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Excel Formulas - The Basic Operators


In this section, we'll discuss formulas some more. Because formulas are at the heart of spreadsheets. The reason you're using a spreadsheet is to work out some sort of mathematical calculation, whether that be a family budget calculation or a company profit calculation. And you can't do those calculations without using formulas.


Adding Up

You've seen how to add up in Excel. You either used individual cells to add up, like this:

= A1 + A2 + A3 + A4

Or you have used a range of cells with the Sum function. Like this:

= Sum(A1:A4)

Either way you get the same answer. But you can combine the two to add up. For example, if you wanted to add up cells A1 to A4 and cell A10, you'd do it like this:

= Sum(A1:A4) + A10

You can also use the Sum function alone. Like this:

= Sum(A1:A4, A10)

Here we have entered a range of cells in the brackets - A1:A4. But after that, we added a comma then the final cell we wanted to add up. If we also wanted to add cells A12 and A14 to our sum, we just add a comma then the cell reference. Like this:

= Sum(A1:A4, A10, A12, A14)

Try using this Sum function yourself by doing these exercises:

Exercise 1

On a new spreadsheet, enter the number 3 in the following cells: A1, B1, C1, D1. Enter the number 3 in the cell A2. Use only the Sum function to add up the values in the cells. Display the answer in cell A4. In other words, the spreadsheet should look like the one below:

Exercise 1

In the picture above, cell A4 displays the answer. Only a Sum function was used.

Exercise 2

Enter the number 3 in the following cells: A1, B1, C1, D1, E1. Enter the number 3 in the following cells: A3, C3, E3. Add them all up using a Sum function. Display the answer in cell A5. The spreadsheet will look like this:

Exercise 2

The correct answer, 24, is displayed in cell A5. Only one Sum function was used.



You saw how to multiply two numbers together. Just use the asterisk symbol with the cell references. Like this:

= A1 * A2

But what if you wanted to multiply a long range of values together? You might want to multiply all the numbers in the cells A1 to A10. Surely you don't have do this = A1 * A2 * A3 * A4 * A5, etc?

You'd be right - you don't have to enter all the cell references. You can do the same as in the Sum Function, just use A1:A5. But instead of using the word Sum you use the word Product. Like this:


If you look back at Exercise 2, the number 3 was in the cells A1 to E1. We then added them up. If you wanted to multiply them all instead, use Product. To further illustrate what Product does, this is what we wanted to multiply:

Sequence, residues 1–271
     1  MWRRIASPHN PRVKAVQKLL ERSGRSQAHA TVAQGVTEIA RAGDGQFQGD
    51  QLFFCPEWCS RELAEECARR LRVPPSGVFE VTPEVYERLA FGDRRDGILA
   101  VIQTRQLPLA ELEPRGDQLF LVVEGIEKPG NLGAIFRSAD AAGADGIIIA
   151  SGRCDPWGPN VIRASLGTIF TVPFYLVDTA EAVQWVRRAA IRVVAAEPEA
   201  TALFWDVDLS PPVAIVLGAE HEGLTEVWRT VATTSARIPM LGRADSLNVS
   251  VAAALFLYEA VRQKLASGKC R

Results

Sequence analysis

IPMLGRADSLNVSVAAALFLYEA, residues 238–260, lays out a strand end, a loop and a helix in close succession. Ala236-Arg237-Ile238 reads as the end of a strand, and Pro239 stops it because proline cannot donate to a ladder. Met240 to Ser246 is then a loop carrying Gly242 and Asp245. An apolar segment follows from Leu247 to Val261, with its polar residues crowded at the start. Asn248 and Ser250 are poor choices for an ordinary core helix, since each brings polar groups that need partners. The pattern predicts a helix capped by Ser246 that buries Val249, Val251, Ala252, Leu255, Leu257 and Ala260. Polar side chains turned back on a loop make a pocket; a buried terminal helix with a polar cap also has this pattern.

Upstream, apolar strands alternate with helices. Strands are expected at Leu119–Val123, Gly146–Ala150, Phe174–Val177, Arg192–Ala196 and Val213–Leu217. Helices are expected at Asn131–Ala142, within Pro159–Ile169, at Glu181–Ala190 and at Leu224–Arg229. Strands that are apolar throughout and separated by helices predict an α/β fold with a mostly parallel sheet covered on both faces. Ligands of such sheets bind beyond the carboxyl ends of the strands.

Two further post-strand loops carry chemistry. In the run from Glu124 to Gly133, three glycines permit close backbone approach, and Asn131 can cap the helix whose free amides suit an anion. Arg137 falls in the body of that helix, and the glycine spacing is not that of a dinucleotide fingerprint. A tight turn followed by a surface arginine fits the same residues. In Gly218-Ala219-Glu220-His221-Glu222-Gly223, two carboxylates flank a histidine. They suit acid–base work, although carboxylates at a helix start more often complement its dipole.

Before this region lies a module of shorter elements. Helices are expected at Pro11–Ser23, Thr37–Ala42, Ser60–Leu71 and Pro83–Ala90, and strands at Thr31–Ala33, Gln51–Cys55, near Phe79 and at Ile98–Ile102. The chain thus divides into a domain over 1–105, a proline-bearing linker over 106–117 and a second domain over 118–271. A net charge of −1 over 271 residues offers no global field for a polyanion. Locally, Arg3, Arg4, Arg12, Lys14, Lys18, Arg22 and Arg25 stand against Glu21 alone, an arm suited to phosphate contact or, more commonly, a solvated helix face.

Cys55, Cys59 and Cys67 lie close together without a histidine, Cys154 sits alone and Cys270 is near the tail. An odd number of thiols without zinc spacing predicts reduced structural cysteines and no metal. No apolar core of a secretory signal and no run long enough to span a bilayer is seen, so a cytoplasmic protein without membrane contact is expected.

= 3 * 3 * 3 * 3 * 3

So 3 times 3 = 9. Multiply the 9 by the third 3 to give 27. Multiply the 27 by the fourth 3 to give 81. Multiply the 81 by the fifth 3 to give 243. And that's what Product does: Multiplies a range of cells together. Just like the Sum function, you can add other cells after a comma. Like this:

= Product(A1:E1, A3)

In the above function, our answer of 243 will be multiplied by whatever is in cell A3.

Try using Product yourself with these exercises:

Exercise 3

In the cells A1 to E1 enter the following values: 1, 2, 3, 4, 5. Use Product to multiply them all together. Display your answer in cell A3. So your spreadsheet will look like this:

Exercise 3

Exercise 4

In the cells A1 to E1 enter the following values: 1, 2, 3, 4, 5. In the cells A3, C3 and E3 enter the following values: 6, 7, 8. Use Product to multiply all the values together. Display the answer in cell A5. Your spreadsheet will look like this one:

Exercise 4


To subtract one value from another, you just use the minus sign in between your cell references. Like this:

= A1 - A2

Below is an image from a spreadsheet showing a subtraction formula:

Subtraction Formula

Cell A3 is where the answer is displayed, and where we entered the formula.

If you want to subtract more than two cells you can do it like this:

= A1 - B1 - C1

Subtraction is fairly straightforward in spreadsheets, and shouldn't cause you too many problems.



If you want to divide one number by another the symbol to use is this one:


That's the forward slash, and can be found just to the right of the full stop on your keyboard. You use it like this:

= A1 / C1

There are a number of times when you would want to divide, but wouldn't need the divider symbol at all. For example, you use division to calculate Averages, but you wouldn't need the divider symbol here because Excel has a separate Average function. Likewise, if you wanted to calculate monthly payments, you wouldn't need to use the divider symbol because Excel had quite a number of financial functions you can use. (We'll meet some of these later in the course.)


In the next part, we'll take a look at how to combine these basic Math operators in Excel.

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